Recently author Brian Van Reet and I had a long chat about art, war, life–pretty much everything. In Part I of our conversation we discussed, among other things, the process of literary creation, the military-civilian divide, and feasibility of reinstating the draft. The continuation of our conversation is below. EPC: I think it can be hard […]Read more "My Chat with Veteran and Author Brian Van Reet About Literary Creation and Military Service, Part II"
As I work on my research about, and prepare for my class on, contemporary war writing, a number of authors and translators have graciously agreed to talk to me. A couple of weeks ago I posted my chat with British veteran and author Andy Owen; this time it’s American Brian Van Reet, author of Spoils, […]Read more "My Chat with Veteran and Author Brian Van Reet About Literary Creation and Military Service"
The New Literary War Hero of Chechnya, Iraq, and Afghanistan Image from “Ninth Company,” dir. Fyodor Bondarchuk When I began reading and writing about contemporary Russian war prose, especially connected to the Chechen wars, I thought that the Russian/Chechen experience, and the literature coming out of it, was unique. And of course the Chechen wars […]Read more "My Chat with Veteran and Author Andy Owen about War, Literature, and PTSD, Part II"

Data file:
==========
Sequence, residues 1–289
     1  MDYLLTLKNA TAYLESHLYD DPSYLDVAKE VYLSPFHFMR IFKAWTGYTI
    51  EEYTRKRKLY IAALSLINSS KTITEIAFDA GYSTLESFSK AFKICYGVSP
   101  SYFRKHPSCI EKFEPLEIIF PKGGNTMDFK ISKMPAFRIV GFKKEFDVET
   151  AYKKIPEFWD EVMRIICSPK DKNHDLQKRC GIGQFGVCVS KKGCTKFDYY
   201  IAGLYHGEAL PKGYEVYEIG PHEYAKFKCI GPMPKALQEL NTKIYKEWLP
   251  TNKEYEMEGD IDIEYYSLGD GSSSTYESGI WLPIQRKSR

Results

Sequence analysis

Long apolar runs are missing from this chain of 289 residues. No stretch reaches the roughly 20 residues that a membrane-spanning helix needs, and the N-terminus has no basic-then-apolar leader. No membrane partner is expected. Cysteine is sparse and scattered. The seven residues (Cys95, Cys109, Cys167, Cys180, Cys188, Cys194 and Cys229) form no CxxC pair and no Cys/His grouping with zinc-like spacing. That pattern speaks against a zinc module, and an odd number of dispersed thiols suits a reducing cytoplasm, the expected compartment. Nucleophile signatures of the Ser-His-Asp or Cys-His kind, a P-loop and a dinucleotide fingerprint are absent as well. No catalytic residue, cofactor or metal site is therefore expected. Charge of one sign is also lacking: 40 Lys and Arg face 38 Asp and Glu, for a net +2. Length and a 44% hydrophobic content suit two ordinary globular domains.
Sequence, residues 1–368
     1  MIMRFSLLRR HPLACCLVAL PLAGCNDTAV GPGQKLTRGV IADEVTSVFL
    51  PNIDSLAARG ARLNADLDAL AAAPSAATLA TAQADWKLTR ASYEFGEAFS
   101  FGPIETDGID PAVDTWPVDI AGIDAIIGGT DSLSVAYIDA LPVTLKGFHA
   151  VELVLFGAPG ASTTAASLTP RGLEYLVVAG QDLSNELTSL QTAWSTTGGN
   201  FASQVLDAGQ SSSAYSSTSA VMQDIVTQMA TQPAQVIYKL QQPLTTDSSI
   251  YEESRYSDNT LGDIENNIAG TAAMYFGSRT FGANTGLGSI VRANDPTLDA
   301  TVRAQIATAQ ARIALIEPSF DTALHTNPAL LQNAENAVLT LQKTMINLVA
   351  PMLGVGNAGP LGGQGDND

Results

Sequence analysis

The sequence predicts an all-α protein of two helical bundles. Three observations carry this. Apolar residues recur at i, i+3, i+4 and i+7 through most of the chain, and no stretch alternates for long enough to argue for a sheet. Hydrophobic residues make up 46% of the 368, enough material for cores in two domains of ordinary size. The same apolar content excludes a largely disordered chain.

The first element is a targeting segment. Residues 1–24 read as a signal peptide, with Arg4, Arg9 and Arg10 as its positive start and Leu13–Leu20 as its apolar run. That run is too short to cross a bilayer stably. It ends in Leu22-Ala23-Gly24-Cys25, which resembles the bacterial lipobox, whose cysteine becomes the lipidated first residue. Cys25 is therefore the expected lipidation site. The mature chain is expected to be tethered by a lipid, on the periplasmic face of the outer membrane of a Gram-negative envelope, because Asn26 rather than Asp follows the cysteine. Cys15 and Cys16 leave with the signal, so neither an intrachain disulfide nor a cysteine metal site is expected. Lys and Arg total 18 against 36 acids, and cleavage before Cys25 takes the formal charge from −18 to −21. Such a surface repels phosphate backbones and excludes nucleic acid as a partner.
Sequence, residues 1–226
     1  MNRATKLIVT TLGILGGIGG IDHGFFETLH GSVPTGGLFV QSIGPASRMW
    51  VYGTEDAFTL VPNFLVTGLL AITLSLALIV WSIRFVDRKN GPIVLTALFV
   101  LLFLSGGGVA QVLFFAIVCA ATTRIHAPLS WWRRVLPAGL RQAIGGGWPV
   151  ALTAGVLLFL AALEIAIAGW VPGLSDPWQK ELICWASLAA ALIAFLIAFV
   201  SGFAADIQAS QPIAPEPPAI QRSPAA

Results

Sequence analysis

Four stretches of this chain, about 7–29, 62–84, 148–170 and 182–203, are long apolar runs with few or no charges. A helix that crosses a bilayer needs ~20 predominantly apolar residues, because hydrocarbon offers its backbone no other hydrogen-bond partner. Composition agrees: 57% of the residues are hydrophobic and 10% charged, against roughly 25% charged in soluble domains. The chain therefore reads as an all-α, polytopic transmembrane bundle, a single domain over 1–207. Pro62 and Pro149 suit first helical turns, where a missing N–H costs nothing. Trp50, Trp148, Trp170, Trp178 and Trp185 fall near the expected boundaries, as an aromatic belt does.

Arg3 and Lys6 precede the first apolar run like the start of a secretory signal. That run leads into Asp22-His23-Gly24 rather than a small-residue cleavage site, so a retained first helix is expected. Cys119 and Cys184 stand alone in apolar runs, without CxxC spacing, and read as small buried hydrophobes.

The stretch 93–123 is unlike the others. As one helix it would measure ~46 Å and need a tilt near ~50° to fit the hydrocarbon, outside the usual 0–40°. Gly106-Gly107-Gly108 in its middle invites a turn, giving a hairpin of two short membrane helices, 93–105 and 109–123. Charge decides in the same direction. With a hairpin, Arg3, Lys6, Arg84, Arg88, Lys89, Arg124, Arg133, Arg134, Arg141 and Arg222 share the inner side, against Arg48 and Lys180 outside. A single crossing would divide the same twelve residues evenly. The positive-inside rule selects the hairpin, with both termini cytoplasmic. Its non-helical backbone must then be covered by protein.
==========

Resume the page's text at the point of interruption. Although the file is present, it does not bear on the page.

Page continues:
The New Literary War Hero in the Age of the Global War on Terror (Image from the film “Captive,” dir. Aleksey Uchitel) While this blog was originally focused mainly on my side hustle job of writing and reviewing fantasy, readers may have noticed a certain focus on matters military in recent posts, as in my […]Read more "My Chat with Andy Owen About War, Literature, and PTSD, Part I"
Asne Seierstad was a freelance journalist in Moscow when the first Chechen war broke out. Acting under a poorly-understood compulsion to find out what was really going on there, she sweet-talked her way onto a military transport plane and ended up in Grozny. She spent several months during the first war, and again during the […]Read more "“The Angel of Grozny” by Åsne Seierstad"
While any Politkovskaya book is an emotionally intense experience, this one is particularly wrenching: it begins with articles she wrote during the final years of her life, including the articles that may have led to her murder, and ends with tributes–some heartfelt, some grudging–paid to her after her death by her friends, admirers, and enemies […]Read more "“Is Journalism Worth Dying For?” by Anna Politkovskaya"
In “A Small Corner of Hell,” Anna Politkovskaya continues her reportage of the Second Chechen War. While “A Dirty War,” the first collection of her articles, conveys them in more or less their original form, “A Small Corner of Hell,” while still divided into individual reports, is a more coherent, book-like narrative, with large sections […]Read more "“A Small Corner of Hell” by Anna Politkovskaya"